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Background Info

• There are 2 main reasons why the service should be funded for the future. The first is that there are service users who continue to require a specialised service from ICSSS because they recognise our needs and meet our needs, again see Focus Group input and evaluation reports. To remove this would make survivors of incare abuse invisible and unhealthy all over again. It is unethical to offer a service and then shut it down so soon. Trauma does not work this way. This is also in the context of survivors who did Time to be Heard being traumatised again and having the fear of ICSSS disappearing in a few months.

• The 2nd reason is that ICSSS is saving costs for other health organisations.

• Scottish Government will not fund ICSSS beyond October 2011. Focus Groups, consultations with service users found substantial evidence of why the service should continue. The service has also completed extensive evaluations and for example the counselling statistics show that 72% of service users to counselling have experienced an improvement to their health.

• The Government should understand that the psychology world documents that abuse/trauma in infancy and childhood affects all aspects of a child’s development. Please note that I know 30% of service users have severe and enduring mental health problems which have not been treated by the NHS.

• ICSSS and survivors clearly understand the ongoing trauma related symptoms which affect their ability to engage in society, as is everyone’s right. This includes access to employment, training and volunteering. It is clear that trauma is long lasting and that 3 years is not enough time to promote recovery, especially as many service users did not access the service from the very first day.

• Survivors are out there who have not accessed the service because they do not want to start receiving help for it to be taken away. This is backed up by the results of the Focus Groups. The self help group of survivors which is called INCAS has been reinstated and there were survivors from 28 to late 80’s all looking for help from many different care homes. INCAS is a self help group and not professionally trained to offer therapy or advocacy.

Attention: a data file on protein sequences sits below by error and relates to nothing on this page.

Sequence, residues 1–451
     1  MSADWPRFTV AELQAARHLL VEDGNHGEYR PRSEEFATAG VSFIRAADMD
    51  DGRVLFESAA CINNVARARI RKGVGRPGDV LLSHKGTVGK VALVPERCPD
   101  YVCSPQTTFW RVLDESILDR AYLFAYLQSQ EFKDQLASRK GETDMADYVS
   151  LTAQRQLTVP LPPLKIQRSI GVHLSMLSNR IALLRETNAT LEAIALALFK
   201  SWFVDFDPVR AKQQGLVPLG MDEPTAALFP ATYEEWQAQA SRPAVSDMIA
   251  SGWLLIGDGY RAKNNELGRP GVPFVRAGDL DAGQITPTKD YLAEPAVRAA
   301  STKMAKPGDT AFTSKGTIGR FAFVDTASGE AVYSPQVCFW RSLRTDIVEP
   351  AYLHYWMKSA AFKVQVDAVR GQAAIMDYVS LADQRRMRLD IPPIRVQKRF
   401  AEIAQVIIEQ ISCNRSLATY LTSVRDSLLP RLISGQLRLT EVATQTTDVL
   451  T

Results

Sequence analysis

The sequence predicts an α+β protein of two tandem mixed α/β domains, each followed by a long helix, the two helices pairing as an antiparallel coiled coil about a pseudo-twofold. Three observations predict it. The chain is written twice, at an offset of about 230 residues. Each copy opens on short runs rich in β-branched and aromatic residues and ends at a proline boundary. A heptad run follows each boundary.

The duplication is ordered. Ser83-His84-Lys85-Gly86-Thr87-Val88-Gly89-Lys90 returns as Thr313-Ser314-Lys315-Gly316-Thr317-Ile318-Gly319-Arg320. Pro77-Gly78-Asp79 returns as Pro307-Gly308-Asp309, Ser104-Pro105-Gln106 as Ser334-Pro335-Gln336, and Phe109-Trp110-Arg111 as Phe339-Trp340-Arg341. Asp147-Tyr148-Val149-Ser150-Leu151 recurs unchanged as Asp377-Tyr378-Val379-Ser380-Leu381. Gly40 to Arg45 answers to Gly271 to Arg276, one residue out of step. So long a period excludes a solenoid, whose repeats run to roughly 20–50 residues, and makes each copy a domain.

• ICSSS must have saved NHS and other organisations because survivors no longer want to engage with psychiatrists (many have said that we should put the past behind us), and GP’s have not provided the appropriate support – we need to build trust and GP’s don’t have enough time to build up trust and the NHS counselling is 10-12 sessions which is not enough.

• Survivors often highlight that ICSSS helps families which is important because it has a ripple effect. There are young people having to be carers to survivors, as seen in the papers recently. Survivors have found it challenging to raise their own children to be unaffected by their parents’ trauma symptoms.

• The government recommends lessons should be learned from Time to be Heard, so that the State care is better for children of today. We agree with this. However, the Govt should recognise that adult survivors of in care abuse are yesterday’s children who didn’t have the opportunity of proper care.

• The Govt plans to offer a Confidential Forum/consultation to others from other care homes and yet they are not offering the same support from ICSSS for those who already participated in their consultation process for Quarriers and need to see that support through. The Govt must realise those people continue to be traumatised and some trauma has been increased since the consultations. It is unethical to expect survivors to go back to services they came from, when those services did not work for them.

• It is also false economy to start a National Project with start up costs and for it to end without survivors being helped to recover. For example, workers have been up-skilled to be more specialised in the help they offer, it has taken time to develop an infrastructure within the partners and to ensure the right staffing and much more importantly it has taken this time to begin to build trust with survivors of abuse in care. Networks are being built which took alot of time at the start of the project and workers, I understand, continue to receive requests for presentations and continue to receive referrals. Some are now word of mouth from other service users.

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